Polycystic Ovary Syndrome (PCOS): A Complex Interfertility Disease in Women

February 13, 2023

Polycystic Ovary Syndrome (PCOS) is a common reproductive disease that affects women of childbearing age.

According to the Malay Mail, Malaysia’s Total Fertility Rate (TFR) in women has continued to drop over the last five decades and will continue to decline in 2050.[1]

A research conducted by Associate Professor Dr. Goh Khang Weng from INTI International University’s Faculty of Data Sciences and Information Technology revealed the prevalence, knowledge, and health-related practices of PCOS among women in Malaysia’s Klang Valley area. The research was conducted in collaboration with academics from UCSI University, Malaysia, Bahauddin Zakariya University, Pakistan, Lahore College for Women University, Pakistan, Universitas 17 Agustus 1945, Indonesia, and Universiti Brunei Darussalam, Brunei.

The research also indicated that since the late 1900s, a rise could be seen in the prevalence of PCOS globally, with an increase from 2.2 percent then to 48 percent in 2020.

Associate Professor Dr. Goh Khang Weng, a senior lecturer from INTI International University’s Faculty of Data Sciences and Information Technology, conducted a study with a team of academicians to uncover the prevalence of and knowledge on PCOS, as well as health-related practices among women in the Klang Valley.

“Many nations have done studies on health-related practices, knowledge, and prevalence, but Malaysia’s data are lacking. This study was conducted to ascertain the prevalence of PCOS, to evaluate women’s awareness about PCOS, and examine behaviours linked to health,” said Dr. Goh.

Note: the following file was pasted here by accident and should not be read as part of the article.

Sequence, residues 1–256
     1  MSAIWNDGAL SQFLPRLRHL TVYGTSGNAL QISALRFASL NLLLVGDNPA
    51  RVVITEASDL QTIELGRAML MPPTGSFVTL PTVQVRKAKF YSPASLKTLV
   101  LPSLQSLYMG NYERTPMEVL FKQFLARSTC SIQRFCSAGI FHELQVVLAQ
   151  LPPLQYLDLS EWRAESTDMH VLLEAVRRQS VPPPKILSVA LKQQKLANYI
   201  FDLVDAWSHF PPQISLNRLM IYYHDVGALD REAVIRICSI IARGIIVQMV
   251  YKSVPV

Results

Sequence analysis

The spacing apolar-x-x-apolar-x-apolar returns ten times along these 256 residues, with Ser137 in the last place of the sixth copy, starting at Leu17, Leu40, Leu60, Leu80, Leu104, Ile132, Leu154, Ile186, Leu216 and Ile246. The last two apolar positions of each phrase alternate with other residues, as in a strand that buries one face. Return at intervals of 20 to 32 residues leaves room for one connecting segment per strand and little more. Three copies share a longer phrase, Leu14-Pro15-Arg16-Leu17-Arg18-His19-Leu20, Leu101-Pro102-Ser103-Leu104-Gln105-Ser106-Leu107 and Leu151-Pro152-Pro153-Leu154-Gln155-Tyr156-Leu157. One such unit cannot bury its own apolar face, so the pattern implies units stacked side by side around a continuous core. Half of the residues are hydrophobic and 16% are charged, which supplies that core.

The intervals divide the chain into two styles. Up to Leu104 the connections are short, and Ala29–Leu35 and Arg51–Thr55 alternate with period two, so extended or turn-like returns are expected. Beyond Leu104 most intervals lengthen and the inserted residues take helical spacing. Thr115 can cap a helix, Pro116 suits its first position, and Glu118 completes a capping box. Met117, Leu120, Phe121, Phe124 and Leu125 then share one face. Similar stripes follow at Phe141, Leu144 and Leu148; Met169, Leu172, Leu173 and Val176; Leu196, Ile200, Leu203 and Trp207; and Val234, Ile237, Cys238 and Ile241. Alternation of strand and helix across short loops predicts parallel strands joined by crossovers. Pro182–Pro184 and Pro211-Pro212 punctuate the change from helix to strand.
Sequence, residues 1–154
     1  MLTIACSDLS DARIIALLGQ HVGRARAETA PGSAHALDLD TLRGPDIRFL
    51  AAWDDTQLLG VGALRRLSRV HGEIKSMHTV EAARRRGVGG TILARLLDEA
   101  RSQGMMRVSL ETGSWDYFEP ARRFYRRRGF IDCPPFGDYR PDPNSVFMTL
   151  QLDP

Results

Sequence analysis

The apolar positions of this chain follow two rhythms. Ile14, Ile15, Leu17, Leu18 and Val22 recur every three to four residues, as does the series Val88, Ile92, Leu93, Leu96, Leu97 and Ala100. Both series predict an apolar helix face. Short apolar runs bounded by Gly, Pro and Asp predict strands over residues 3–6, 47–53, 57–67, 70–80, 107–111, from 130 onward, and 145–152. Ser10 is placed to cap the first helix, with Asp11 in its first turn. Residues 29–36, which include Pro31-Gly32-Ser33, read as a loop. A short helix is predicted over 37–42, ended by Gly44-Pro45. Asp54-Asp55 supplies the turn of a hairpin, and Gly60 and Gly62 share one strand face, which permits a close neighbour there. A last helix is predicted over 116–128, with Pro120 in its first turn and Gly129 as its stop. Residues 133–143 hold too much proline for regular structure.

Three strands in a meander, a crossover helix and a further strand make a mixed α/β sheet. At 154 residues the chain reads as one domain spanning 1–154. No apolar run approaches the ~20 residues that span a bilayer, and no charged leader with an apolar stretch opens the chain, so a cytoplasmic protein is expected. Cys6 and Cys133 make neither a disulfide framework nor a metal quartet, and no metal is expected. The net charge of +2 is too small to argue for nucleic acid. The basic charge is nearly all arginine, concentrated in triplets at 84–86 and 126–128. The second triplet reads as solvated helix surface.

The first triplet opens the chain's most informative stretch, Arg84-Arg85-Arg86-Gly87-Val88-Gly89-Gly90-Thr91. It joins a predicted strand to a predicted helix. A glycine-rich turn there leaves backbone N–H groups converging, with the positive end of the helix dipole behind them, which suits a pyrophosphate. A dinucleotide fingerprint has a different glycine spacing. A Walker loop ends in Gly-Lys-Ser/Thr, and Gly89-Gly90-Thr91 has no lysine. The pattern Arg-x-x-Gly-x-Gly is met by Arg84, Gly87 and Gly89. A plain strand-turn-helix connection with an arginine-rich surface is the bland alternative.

Based on the study, many researchers are still looking for the exact cause of PCOS. It is believed that PCOS is primarily associated with insulin resistance that could interfere with other hormones that regulate menstruation function.

“A constant hormonal imbalance weakens the functions of the ovaries which leads to cysts inside the ovaries. Other causes of PCOS include stress, obesity, genetics, and lifestyle,” said Dr. Goh, adding that having PCOS may lead to endometrial cancer and can also delay menopause.

The study titled “Assessment of Prevalence, Knowledge of Polycystic Ovary Syndrome and Health-Related Practice Among Women in Klang Valley: A Cross-sectional Survey” indicates that PCOS puts women at higher risk diabetes, high blood pressure, and obesity. Thus, it is suggested in the study to seek early diagnosis to prevent future long-term complications such as type 2 diabetes, heart disease, sleep disorder, and psychological problems such as depression and anxiety.

“Women with PCOS are more prone to certain major health issues. A timely diagnosis and course of treatment will help prevent healthcare burdens in the future and would help these women live better lives,” he said.

According to his research, the treatment for PCOS should be tailored to each patient’s unique clinical presentation and should work to fulfil the patient’s desire to become pregnant.

“If women wish to get pregnant, first-line medications like clomiphene or letrozole or second-line drug metformin is recommended to treat infertility. Safe to say, treatments such as in vitro fertilization (IVF) is among the common treatments for women with PCOS,” he said.

He explained that if pregnancy is undesired, the first-line therapy for ovulatory dysfunction should be hormonal contraceptives such as hormonal intrauterine devices (IUDs) or oral contraceptives, followed by metformin as second-line therapy.

“Patients can also be prescribed topical cream, benzoyl peroxide for acne, electrolysis and phototherapy for hirsutism, metformin for insulin resistance, and eating healthy to improve their lifestyle,” he said.

The research suggests that women with PCOS would be able to get pregnant if the condition is diagnosed and treated early.